Yesterday we remembered the bloody Sunday march on Selma (March 7, 1965). By Monday morning LBJ was knee-deep in a political confrontation of epic proportions. His recorded phone conversations that day show that he was more upset with MLK than with Wallace. Meanwhile, on the other side of the world, with much less fanfare, his Marines were landing on Red Beach 2 near Da Nang in South Vietnam, marking the beginning of what the Vietnamese call the “American War.” That was March 8, 1965. The next day LBJ authorized the use of Napalm. Before the year was out he would be “waist deep in the big muddy.” Quite a weekend.
Note: six years later, on March 8, 1971, anti-war protesters broke into a Media, Pennsylvania FBI office and stole a trove of classified documents that revealed the FBI’s COINTELPRO (Counter Intelligence Program). The covert program was aimed at spying on, discrediting, and disrupting domestic political organizations, primarily the anti-Vietnam War movement. One of the principal players in the COINTELPRO story was one Mark Felt, later revealed as “Deep Throat” in the Watergate Scandal:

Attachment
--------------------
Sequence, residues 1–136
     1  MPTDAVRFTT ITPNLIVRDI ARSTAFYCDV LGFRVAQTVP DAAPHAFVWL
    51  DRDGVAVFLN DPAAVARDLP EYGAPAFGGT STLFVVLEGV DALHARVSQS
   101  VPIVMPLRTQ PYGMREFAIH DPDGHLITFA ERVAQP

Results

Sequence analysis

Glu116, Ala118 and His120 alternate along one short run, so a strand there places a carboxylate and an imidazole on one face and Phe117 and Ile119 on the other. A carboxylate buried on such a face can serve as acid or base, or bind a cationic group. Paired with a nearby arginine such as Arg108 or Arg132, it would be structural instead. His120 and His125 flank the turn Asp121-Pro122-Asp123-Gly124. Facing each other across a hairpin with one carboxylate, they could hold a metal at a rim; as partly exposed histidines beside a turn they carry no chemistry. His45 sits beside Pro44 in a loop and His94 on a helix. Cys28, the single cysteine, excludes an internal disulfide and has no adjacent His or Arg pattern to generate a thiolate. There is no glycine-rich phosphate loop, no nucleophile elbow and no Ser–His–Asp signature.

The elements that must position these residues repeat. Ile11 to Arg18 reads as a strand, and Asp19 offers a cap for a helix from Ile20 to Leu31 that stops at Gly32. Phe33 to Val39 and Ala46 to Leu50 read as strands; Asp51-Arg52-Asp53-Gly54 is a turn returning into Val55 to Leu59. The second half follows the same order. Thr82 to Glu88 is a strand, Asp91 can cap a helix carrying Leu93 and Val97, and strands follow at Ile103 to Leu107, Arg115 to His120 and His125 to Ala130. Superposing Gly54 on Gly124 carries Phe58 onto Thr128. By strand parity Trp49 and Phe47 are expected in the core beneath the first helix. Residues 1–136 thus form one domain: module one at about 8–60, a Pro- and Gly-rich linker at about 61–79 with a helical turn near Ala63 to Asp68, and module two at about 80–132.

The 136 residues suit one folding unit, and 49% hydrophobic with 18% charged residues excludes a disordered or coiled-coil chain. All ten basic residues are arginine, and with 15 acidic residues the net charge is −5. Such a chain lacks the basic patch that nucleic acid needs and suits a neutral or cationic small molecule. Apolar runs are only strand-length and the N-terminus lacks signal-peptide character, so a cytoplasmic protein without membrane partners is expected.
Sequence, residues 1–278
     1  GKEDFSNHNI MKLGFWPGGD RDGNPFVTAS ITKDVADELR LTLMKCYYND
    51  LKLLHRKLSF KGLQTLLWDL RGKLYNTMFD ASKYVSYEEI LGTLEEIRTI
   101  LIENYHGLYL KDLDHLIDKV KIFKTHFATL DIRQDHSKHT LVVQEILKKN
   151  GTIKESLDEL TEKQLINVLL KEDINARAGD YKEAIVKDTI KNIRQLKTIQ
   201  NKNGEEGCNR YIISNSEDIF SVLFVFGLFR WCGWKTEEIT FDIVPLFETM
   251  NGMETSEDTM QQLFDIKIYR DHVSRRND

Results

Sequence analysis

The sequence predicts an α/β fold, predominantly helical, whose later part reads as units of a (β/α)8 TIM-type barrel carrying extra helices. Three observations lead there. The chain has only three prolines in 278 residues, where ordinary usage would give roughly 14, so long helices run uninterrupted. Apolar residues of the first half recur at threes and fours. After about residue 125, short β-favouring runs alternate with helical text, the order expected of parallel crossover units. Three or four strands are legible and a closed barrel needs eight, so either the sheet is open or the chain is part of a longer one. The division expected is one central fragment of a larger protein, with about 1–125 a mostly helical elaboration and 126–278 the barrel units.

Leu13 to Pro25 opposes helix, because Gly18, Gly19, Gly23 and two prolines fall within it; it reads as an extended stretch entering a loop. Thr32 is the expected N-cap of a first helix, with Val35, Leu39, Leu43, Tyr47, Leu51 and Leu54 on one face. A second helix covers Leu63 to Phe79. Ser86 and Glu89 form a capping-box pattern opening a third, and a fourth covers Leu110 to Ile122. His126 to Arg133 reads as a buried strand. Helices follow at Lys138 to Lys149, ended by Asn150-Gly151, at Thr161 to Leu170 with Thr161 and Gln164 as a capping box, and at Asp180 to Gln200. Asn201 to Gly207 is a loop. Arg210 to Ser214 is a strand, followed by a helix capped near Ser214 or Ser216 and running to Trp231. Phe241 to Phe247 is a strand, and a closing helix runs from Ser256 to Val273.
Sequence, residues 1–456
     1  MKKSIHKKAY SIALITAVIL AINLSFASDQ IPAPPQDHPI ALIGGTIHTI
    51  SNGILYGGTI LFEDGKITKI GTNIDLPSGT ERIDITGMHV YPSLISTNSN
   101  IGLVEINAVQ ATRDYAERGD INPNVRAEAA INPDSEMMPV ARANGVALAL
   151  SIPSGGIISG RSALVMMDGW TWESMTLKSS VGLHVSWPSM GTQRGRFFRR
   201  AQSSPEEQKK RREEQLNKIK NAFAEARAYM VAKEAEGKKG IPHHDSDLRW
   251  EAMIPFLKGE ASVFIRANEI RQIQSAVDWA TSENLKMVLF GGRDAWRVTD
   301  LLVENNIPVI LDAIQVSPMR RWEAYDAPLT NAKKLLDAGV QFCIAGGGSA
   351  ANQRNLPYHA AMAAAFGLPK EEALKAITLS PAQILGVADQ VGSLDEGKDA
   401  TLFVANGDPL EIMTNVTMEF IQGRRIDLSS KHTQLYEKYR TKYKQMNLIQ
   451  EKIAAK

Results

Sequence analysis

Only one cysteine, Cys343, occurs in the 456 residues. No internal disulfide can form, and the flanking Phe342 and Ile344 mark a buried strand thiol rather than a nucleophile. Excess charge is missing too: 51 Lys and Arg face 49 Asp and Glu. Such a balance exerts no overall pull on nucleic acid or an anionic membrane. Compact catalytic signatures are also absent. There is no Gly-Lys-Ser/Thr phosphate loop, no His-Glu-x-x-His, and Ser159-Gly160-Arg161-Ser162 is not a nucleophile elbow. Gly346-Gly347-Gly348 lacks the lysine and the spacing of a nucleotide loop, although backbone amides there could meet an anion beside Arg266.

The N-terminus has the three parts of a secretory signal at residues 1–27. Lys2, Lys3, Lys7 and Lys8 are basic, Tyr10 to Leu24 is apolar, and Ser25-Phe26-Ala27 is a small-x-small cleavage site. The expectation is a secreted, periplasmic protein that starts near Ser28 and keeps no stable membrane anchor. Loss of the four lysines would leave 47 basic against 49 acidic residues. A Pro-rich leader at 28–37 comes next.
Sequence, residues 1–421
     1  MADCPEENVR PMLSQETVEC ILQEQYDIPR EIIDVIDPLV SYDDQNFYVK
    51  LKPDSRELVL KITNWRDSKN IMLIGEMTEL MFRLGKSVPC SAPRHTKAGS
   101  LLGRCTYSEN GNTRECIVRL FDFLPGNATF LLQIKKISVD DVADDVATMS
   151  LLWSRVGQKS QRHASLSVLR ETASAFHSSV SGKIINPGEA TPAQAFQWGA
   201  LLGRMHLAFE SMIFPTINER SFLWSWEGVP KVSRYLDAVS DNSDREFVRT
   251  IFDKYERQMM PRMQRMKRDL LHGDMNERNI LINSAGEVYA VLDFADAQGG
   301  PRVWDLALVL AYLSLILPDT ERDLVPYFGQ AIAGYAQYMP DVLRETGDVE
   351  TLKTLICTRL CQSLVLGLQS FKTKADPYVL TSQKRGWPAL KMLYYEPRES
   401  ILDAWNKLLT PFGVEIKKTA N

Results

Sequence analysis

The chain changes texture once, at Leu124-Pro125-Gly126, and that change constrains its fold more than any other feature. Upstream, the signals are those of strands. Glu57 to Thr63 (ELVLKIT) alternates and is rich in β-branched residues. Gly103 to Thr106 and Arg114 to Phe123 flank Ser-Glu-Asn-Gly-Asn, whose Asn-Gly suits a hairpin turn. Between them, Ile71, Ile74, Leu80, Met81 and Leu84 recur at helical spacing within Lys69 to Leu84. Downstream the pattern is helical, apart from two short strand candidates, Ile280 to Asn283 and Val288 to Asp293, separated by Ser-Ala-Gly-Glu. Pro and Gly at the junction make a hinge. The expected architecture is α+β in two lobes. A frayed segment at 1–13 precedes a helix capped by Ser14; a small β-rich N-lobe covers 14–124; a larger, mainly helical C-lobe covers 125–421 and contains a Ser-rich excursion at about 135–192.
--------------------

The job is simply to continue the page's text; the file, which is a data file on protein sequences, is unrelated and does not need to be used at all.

By Rick Perlstein. Essential reading for those interested in understanding the creeping divergence in American politics over the last 50 years. This detailed description strongly challenges the dominant narrative among many historians that there was a widespread coalescence around progressive, liberal, political solutions in the country under JFK and in the early years of LBJ. And that those tendencies represented the spirit of the age, only to come crashing down in the jungles of Vietnam. On the contrary, Perlstein shows that through it all there was a strong conservative reaction gestating just out of plain sight. He posits that LBJ’s landslide victory in 1964 was as much a product of a bumbling Goldwater campaign, bad timing and a devious opposition as it was a statement of national political consensus. The Goldwater revolution was just put on hold temporarily only to burst into the open sixteen years later with the coming of Ronald Reagan. In many ways Goldwater’s shadow is as long today as are those of JFK and LBJ. Highly recommended. RF